The pound ended Thursday’s session lower versus the euro. Weak UK consumer confidence and stronger than forecast German inflation sent the pound euro exchange rate 0.1% lower.
|What do these figures mean?|
|When measuring the value of a pair of currencies, one set equals 1 unit and the other shows the current equivalent. As the market moves, the amount will vary from minute to minute. If the euro amount increases in this pairing, it’s positive for the pound. Or, if you were looking at it the other way around:1 EUR = 0.87271 GBPIn this example, €1 is equivalent to approximately £0.87. This measures the euro’s worth versus the British pound. If the sterling number gets larger, it’s good news for the euro.|
The pair closed at €1.1145. The pair has advanced a few points in early trade on Friday.
In the previous session, the pound was under pressure as Gfk data showed that British households grew more pessimistic in July. Attitudes regarding job security, personal finances and the general outlook for the economy took a turn for the worse, dipping to -13, down from -11. The Tory leadership battle and growing fears of a no deal Brexit were largely to blame for the worsening outlook.
Consumer confidence is a closely watched data point because it informs of spending decisions. When consumers are more pessimistic, they spend less. Given that consumer spending makes up for around two thirds of the UK economy, any slowdown in spending can have a big impact.
|Why does poor economic data drag on a country’s currency?|
|Slowing economic indicators point to a slowing economy. Weak economies have weaker currencies because institutions look to reduce investments in countries where growth prospects are low and then transfer money to countries with higher growth prospects. These institutions sell out of their investment and the local currency, thus increasing supply of the currency and pushing down the money’s worth. So, when a country or region has poor economic news, the value of the currency tends to fall.|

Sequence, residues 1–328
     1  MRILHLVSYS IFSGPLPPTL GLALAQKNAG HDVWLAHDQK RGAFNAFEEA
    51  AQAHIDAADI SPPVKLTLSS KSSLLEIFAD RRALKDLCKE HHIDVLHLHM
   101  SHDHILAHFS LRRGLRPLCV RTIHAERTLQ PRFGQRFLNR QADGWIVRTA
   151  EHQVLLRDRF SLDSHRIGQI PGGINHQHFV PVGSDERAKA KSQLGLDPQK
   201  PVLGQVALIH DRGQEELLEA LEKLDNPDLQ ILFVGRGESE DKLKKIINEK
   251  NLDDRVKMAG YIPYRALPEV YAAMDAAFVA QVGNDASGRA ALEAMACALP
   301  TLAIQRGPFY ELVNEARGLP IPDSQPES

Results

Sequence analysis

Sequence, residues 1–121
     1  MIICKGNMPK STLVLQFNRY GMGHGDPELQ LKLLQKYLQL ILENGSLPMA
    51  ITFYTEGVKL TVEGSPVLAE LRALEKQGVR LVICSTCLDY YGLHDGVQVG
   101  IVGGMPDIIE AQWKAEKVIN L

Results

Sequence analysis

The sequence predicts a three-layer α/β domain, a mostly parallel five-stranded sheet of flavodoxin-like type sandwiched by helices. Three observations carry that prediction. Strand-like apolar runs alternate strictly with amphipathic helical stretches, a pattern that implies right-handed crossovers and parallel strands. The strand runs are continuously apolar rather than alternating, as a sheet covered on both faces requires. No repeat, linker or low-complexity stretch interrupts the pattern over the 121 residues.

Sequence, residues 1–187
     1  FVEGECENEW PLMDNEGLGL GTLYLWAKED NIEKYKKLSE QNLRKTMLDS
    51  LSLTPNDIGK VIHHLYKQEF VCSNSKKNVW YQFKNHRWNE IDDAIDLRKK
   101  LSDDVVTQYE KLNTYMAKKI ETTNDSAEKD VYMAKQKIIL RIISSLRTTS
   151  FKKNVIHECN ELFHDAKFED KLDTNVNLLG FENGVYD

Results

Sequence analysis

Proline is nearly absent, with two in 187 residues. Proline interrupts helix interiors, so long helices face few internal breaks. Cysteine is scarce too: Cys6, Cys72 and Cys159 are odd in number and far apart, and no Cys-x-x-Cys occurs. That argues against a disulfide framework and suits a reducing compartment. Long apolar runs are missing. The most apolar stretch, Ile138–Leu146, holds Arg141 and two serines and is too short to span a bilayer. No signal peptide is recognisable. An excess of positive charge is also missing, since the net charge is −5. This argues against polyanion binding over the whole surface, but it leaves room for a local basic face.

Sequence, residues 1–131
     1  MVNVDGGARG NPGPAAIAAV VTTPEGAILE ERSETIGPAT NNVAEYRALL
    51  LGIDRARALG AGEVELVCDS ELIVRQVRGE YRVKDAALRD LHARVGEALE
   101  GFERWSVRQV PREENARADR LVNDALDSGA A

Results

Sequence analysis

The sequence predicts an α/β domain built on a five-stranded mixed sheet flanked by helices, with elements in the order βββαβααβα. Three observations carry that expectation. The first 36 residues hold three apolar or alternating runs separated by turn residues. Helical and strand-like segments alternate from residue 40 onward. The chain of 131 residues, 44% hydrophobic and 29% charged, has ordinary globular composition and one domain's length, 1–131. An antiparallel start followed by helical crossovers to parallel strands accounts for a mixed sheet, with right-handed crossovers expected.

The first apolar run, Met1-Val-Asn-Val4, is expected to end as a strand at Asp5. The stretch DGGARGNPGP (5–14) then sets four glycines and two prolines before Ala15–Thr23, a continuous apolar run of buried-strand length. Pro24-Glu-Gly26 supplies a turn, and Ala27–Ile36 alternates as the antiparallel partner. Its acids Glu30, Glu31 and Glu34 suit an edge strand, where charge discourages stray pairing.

Today investors will watch the UK GDP release. This is the final revision for the first quarter. Analysts expect year on year growth of 1.8%. The UK economy benefited from stockpiling in the first quarter as businesses prepared for Brexit. This could be the last chance for upbeat data for some time after the Bank of England predicted growth of just 0% in the second quarter of this year. Any unexpected downward revision in today’s data could pull the pound lower.
Demand for the euro was relatively strong in the previous session as investors digested German inflation data. Data showed that German inflation moved closer to the European Central Bank’s target in June. German consumer price index ticked higher to 1.6%, just 0.4% short of the ECB’s 2%.
The stronger data comes after the ECB, earlier this month, opened the door to cutting interest rates should the economy need the support. Despite the move higher, the ECB are unlikely to change their plans over one data release.
Today investors will be watching inflation from the eurozone as a whole. Analysts are predicting that inflation will have increased month on month to 1%. This could help lift the euro.
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